In a subsequent decision in the same case, the court rendered a lengthy opinion analyzing its own factors, finding that “the cost of restoring any backup tapes are allocated between [defendant] and [plaintiff] seventy-five percent and twenty-five percent, respectively. All other costs are to be borne exclusively by [defendant]. Notwithstanding this ruling, [defendant] can potentially impose a shift of all of its costs, attorneys fees included, by making an offer to the plaintiff under Rule 68.”
The cases show that where e-mail appears to be relevant in a case, specific discovery requests, rather than outdated boilerplate forms, should be used to obtain necessary, important information. Where appropriate, interrogatories should be served to learn information regarding a party’s record retention and destruction policies and procedures, including information concerning backup files and data on computer systems, the frequency of the backups, the type of backup, the software used, how electronic documents are maintained or destroyed and the identity of all employees responsible for the foregoing. If necessary and appropriate, depositions should be taken of a party’s management information systems (MIS), technology or computer managers to obtain details of the nature of the systems used and the practices and procedures for the use of e-mail, home computers, PDA’s, the printing of e-mails, and backup tapes.
Obviously, before serving such requests on an adversary, counsel must make sure that its own client’s house is in order, lest the same requests be copied and served against it. In addition to seeking discovery of e-mail and electronic documents from an opponent, therefore, litigators should counsel clients to preserve such evidence and take reasonable steps to locate and produce relevant matter. As the cases show, anything short of diligent, aggressive attention to these issues can result in extreme adverse consequences.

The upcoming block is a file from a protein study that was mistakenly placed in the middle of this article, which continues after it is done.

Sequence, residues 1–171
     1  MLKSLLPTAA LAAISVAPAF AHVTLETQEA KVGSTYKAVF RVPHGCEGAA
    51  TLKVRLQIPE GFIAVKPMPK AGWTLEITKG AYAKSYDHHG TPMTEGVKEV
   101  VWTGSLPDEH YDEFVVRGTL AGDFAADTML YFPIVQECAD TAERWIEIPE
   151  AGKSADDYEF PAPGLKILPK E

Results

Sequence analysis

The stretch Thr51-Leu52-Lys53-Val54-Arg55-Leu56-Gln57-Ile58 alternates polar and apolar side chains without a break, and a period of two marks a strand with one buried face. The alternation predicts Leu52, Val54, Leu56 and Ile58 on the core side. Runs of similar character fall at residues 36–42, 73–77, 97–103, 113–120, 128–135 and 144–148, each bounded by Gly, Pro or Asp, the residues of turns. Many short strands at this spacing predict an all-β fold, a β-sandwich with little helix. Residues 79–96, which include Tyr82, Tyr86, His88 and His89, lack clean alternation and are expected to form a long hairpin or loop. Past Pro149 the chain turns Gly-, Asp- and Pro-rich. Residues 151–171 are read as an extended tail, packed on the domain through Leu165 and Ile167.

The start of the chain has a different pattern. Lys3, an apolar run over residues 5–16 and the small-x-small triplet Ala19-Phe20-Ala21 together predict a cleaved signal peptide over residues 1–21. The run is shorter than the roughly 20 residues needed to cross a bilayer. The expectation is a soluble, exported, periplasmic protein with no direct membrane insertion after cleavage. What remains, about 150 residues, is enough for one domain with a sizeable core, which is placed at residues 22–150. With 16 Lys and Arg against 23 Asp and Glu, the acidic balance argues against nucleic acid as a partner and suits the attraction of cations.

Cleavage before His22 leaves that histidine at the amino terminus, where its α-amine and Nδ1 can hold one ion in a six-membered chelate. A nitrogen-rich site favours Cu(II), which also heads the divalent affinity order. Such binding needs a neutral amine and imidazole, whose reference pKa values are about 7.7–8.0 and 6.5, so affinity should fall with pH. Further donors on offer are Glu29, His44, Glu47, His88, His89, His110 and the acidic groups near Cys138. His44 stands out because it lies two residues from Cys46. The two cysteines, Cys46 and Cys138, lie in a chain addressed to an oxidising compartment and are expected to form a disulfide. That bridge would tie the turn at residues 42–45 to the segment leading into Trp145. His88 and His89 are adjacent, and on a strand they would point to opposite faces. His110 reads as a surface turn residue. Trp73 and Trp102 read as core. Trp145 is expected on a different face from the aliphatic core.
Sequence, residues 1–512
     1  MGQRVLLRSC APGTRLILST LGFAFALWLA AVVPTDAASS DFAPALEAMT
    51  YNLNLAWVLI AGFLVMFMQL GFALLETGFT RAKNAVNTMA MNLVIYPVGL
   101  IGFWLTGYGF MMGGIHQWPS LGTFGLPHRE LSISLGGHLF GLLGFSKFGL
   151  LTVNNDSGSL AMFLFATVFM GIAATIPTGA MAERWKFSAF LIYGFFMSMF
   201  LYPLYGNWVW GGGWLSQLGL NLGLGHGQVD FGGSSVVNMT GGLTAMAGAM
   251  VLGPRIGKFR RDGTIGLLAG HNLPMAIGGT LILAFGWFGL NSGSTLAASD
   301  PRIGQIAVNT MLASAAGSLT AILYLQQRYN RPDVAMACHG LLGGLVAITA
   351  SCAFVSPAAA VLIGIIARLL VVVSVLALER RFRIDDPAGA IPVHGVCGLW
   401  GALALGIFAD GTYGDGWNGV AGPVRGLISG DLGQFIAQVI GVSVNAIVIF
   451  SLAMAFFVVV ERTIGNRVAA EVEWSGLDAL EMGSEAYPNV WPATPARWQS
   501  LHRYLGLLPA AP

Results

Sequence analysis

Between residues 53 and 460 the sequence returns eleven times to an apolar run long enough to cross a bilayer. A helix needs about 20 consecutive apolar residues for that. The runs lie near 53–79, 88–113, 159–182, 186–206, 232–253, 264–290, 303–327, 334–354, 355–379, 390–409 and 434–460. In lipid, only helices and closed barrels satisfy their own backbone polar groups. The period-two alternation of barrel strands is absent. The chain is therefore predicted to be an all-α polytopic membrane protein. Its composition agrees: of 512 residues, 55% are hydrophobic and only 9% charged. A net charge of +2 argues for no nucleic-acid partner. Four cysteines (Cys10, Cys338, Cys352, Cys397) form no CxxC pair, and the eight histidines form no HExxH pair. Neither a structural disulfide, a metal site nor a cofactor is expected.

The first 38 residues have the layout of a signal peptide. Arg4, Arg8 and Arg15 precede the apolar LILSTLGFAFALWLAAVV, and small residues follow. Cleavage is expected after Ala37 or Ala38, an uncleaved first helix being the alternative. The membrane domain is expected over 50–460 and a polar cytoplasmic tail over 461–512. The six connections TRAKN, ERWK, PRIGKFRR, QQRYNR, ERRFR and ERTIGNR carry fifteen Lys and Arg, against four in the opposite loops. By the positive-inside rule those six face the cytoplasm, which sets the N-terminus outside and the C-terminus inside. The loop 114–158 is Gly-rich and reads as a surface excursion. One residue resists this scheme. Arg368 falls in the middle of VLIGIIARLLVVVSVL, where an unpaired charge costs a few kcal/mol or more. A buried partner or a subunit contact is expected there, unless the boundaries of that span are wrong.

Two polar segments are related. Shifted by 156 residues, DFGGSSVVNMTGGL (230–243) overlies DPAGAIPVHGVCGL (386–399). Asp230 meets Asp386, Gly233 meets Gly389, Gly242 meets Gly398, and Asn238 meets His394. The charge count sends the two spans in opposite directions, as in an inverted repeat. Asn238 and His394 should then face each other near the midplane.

With the advent of this evolving law of email discovery, computer consultants and forensic experts are proliferating. In view of the DeGeorge decision, however, a litigant must be very careful in selecting consultants to ensure that they have the proper experience and knowledge in accomplishing the tasks required. Websites addressing email and electronic discovery are also cropping up by leaps and bounds. Two particularly useful and rather well-organized sites are www.krollontrack.com and www.applieddiscovery.com. These free sites contain comprehensive case summaries and useful forms for discovery requests, motions and preservation letters to clients and adversaries.
For those litigators who would have preferred to avoid the rising tides of email in their own lives, one thing is clear from the evolving law: Email is already very much a part of everyday litigation and is here to stay.